A child who grows up in a home with two loving parents has an ideal arrangement. But does it matter whether the two loving parents are the same sex? The 2000 Census showed that between 1 million and 9 million children had at least one gay parent, according to the American Association for Marriage and Family Therapy. Children lived in about 27 percent of the almost 600,000 gay households, meaning that about 162,000 children lived in a same-sex household.
Most children who live in gay households are the biological children of one of the parents, but it’s getting more common for children in a same-sex household to be planned. Methods gay couples use to have children are donor insemination, surrogacy and adoption. Gay parents face the same parental responsibility issues as straight parents, according to the American Association for Marriage and Family Therapy. Gay parents concern themselves with their child’s schooling and homework, their child’s friends, discipline and with being loving parents. Children of gay parents need to live in society, however, where prejudice against gay people exists, and where children who live in a gay household deal with some of those repercussions, which can cause stress in the home.
The American Psychological Association published a study in 2005 of its findings regarding same-sex households and how children fare. It concluded that no evidence indicates that children in gay households have been disadvantaged in any way by growing up in a gay home. The report, however, stated that the research up until that point was limited. Less research was conducted about gay fathers, and limited research existed on children once they reached adolescence and adulthood.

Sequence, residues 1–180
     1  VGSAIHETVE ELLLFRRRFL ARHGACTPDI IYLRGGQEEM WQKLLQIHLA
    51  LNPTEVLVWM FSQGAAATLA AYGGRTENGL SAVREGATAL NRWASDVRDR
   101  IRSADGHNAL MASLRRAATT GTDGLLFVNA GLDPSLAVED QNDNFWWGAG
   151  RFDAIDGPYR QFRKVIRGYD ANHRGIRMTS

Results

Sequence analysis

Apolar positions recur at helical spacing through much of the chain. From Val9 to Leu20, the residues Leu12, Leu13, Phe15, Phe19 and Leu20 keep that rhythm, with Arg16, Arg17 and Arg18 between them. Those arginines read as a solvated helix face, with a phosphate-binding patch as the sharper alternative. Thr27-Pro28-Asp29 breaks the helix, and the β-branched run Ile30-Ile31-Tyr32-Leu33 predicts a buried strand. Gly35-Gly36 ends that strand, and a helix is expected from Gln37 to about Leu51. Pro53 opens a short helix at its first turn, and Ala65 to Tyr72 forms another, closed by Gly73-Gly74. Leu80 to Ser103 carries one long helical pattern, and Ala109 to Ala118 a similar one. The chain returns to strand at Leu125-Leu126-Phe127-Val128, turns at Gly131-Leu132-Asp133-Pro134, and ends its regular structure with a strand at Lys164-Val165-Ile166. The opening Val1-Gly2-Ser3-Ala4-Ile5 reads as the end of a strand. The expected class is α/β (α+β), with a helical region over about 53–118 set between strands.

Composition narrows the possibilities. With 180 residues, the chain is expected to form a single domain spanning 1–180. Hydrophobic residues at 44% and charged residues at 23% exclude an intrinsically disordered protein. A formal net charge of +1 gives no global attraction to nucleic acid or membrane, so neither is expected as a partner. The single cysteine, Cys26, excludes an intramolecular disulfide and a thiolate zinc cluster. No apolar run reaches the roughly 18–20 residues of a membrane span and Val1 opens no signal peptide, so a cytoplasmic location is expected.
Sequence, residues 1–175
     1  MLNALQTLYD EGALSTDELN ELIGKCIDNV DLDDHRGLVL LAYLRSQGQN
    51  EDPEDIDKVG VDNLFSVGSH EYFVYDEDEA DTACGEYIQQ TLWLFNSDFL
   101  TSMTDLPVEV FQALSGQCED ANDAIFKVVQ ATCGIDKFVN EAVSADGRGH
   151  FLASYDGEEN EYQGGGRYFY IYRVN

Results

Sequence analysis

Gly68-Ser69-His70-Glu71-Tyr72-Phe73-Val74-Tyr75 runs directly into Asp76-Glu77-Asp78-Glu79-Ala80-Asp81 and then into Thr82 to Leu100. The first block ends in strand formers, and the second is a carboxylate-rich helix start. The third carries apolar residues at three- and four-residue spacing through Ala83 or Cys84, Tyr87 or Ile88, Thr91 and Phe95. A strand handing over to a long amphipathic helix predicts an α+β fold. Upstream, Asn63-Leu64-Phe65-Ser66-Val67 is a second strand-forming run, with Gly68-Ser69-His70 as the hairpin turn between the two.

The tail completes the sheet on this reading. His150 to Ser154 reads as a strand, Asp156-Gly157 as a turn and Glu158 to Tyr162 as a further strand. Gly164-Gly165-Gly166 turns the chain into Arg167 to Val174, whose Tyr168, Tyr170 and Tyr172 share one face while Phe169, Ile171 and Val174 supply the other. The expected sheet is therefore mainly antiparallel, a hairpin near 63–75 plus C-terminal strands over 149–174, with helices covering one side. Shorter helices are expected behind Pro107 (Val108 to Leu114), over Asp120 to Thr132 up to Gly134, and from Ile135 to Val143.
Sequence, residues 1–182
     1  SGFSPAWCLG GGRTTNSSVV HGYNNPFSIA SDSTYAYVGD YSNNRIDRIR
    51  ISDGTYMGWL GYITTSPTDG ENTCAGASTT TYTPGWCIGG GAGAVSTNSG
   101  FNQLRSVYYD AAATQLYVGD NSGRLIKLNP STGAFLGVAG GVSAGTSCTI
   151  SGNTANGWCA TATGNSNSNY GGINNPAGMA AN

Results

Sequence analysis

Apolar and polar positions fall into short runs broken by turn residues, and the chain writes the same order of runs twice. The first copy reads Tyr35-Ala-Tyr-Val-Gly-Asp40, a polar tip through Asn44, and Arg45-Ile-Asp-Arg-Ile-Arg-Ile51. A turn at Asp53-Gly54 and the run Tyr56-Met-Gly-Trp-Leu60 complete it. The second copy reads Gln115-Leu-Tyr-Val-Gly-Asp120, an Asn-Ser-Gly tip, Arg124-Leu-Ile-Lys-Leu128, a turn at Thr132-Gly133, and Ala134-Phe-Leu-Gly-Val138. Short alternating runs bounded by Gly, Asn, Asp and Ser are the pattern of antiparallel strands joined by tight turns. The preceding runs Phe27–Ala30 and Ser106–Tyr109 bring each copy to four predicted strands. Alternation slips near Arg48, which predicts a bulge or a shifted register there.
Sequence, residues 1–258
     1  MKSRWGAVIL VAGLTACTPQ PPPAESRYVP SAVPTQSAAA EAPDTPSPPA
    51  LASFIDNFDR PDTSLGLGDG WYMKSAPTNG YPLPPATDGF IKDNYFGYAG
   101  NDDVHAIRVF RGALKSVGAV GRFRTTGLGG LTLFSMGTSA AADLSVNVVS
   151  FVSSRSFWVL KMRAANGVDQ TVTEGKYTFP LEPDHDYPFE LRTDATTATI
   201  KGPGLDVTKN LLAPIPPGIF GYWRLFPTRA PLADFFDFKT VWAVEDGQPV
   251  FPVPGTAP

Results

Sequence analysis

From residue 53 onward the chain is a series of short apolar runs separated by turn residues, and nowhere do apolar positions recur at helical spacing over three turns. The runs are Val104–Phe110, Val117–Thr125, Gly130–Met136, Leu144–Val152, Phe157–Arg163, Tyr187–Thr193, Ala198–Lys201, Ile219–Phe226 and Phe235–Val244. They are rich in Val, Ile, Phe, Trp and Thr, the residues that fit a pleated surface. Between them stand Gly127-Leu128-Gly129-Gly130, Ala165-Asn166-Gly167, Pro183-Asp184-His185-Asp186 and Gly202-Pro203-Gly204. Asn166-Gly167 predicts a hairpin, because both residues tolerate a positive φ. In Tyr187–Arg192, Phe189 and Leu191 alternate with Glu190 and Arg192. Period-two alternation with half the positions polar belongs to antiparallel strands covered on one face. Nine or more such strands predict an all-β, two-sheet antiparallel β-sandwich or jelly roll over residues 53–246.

A June 2012 study published in “Social Science Research” found that the APA’s 2005 study was insufficient because it relied heavily on a small number of “convenience samples” -- people linked together or people the researchers know. University of Texas sociologist and professor Mark Regnerus compared answers from almost 3,000 young adults who were raised in various types of households to determine how they fared. The University of Texas Austin published his work, titled “The New Family Structure Study.” One of the study’s conclusions was that 63 percent of children of lesbian mothers fared worse in many ways. They made less money, were more likely to be on welfare, had lower levels of employment, suffered poorer mental and physical health, were more likely to smoke, were more likely to engage in criminal activity and had a poorer relationship with the current partner than children who lived with the mother and father.
Just as the APA study, which found no negative issues from raising children in a gay home, has been found to be inconclusive, so is the Regnerus study, which found negative issues, according to David Eggebeen, associate professor of human development and sociology at Pennsylvania State University. Neither study provided conclusive results, said Eggebeen. The problem with the Regnerus study, according to Cynthia Osborne from the University of Texas, is that it’s difficult to determine whether being raised by lesbian mothers was the reason for the negative outcomes of some adults or whether the negative results might have been from being a product of a divorce, for example.
- American Association for Marriage and Family Therapy: Same-sex Parents and Their Children
- American Psychological Association: Lesbian & Gay Parenting
- EurekAlert: Studies Challenge Established Views Development of Children Raised by Gay or Lesbian Parents
- University of Texas Austin: The New Family Structure Study
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